I Twittered it earlier, but it bears mentioning that I went and picked up a new snowblower last week (Thursday) and within the first three days of owning it, used it four times. There are certain things I don’t mind doing outside, but there are two that I avoid at all costs – shoveling snow and raking leaves. I just won’t do it. Not when there’s machines that can do it for you. A old roommate of mine in Somerville once said “if I can do anything to make my life a little easier, I do it.” Godspeed. If you can afford a snowblower, or a leaf blower, or an air conditioner or whatever – but it. OK? Good.
I guess I’ll be posting my top 10 music list sometime soon, but it’s so hard to find the time to really launch a big post like that, complete with music samples and all. I might have to suck it up and stay up past 10pm one night to do it. It was another pretty rich year for music to these ears.
How about this stat – The three Boston teams currently in mid-season (Bruins, Celtics and Patriots) have a combined record of 52-13-3, a .764 winning percentage! When you add in the recently completed Red Sox season, you get 148-79-3, for a .643 winning percentage. The whole thing is pretty unreal. You sorta get the feeling we’ve sold our soul to the devil and it’s coming back soon. For now, we enjoy! That I can even include the Bruins in there is a miracle unto itself.
The passing of Dan Fogelberg was but a footnote yesterday as much more juicy stuff hogs the headlines as usual – Christmas, meaningless elections, steroids LindseySpearsLohanBritney. But The Boston Globe’s Joan Anderman penned a nice tribute to a guy whose music was probably a skeleton in more closets than you can imagine. For me, “Run For The Roses” was never a song I turned off. And of course, “Leader of the Band” was one of those songs about fathers and sons that always get me. I don’t own any of his music, nor did I ever buy an album, but I rarely turned it off if it was on. Maybe that explains my recent appreciation for Jack Johnson’s Curious George soundtrack.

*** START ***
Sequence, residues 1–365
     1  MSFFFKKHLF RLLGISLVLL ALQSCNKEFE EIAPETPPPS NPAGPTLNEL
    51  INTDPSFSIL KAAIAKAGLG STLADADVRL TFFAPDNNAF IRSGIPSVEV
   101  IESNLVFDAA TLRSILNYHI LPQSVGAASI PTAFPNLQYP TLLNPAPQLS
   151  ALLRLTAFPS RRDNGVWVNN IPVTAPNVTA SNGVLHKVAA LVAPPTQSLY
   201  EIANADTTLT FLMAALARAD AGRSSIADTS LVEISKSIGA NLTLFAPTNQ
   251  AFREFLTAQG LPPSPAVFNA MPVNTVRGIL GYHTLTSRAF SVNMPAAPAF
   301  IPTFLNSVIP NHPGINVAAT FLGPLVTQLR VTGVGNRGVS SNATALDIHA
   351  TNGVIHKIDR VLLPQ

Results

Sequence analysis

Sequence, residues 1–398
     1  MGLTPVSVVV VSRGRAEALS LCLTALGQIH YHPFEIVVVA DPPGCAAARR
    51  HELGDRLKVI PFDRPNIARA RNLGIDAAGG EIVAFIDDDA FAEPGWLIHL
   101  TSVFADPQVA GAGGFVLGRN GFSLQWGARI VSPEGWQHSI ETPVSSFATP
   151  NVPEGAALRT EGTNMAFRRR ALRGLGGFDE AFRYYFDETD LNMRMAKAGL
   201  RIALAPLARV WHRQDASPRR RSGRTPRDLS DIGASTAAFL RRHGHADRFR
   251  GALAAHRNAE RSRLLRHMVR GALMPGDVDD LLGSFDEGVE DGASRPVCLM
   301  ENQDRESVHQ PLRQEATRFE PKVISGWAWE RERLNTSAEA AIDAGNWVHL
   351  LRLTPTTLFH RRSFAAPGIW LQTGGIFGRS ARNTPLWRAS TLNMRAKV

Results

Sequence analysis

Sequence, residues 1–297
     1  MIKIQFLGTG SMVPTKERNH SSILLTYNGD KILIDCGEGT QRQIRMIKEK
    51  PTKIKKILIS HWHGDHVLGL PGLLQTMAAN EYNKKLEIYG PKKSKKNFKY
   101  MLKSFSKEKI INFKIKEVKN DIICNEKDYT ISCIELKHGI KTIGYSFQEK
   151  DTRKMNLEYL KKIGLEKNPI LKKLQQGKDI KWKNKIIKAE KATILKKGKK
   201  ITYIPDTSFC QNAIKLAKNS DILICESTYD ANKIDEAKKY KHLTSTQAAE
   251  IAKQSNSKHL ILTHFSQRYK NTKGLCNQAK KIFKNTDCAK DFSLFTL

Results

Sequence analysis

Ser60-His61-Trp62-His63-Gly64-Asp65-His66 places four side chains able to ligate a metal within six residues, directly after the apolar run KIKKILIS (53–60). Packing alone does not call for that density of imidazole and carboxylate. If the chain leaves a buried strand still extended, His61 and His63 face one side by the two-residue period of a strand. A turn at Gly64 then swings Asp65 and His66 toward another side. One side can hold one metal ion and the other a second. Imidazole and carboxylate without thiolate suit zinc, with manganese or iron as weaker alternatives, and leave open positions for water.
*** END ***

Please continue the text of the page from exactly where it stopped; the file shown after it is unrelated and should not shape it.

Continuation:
Now playing: Tim Easton – I Wish You Well
So exciting to see another Red Sox World Series victory. The question to the Red Sox organization which I kept hearing last night during the postgame was the one about comparing this one to the 2004 victory. To a man, each member who had been there for both flatly stated there was no comparison. This one wasn’t better, it was just different. It’s true.
That’s true for me, too. When I wrote about the 2004 victory, I was reflective, remembering all the people I loved who weren’t able to experience it. As I watched the 2007 team, I couldn’t help but think that this team is positioned for a run like no other in Red Sox history. We’re looking at a core of young players who didn’t appear to be even remotely fazed by the grand stage they were performing on. Other teams should be afraid. And yes, the Red Sox spend more than 28 other teams and I do hate that. Because like it or not, it sullies the victory. I so wish that there was a salary cap in baseball, because I think the Red Sox would still be contenders given the core of young players they have.
I watched these playoffs with much less invested, too. No matter what anyone says, I can’t imagine anything topping the 2004 run. The way they did it and the whole 86 years thing, that will just never be repeated. I had no problem shutting off a game midway through during these playoffs. In 2004, I was GLUED. I’m not sure if it was just the novelty of 2004 that kept me glued, but while I enjoyed the ride in 2007, I wasn’t as…….captivated. Just extremely satisfied. The Red Sox, idiots in 2004, were so methodically dominant during the World Series, it just took all the suspense out of it. The most exciting moment of the 2007 series was the very first at bat of game 1. After that, you just knew.
Now playing: Anders Parker – Under Wide Unbroken Skies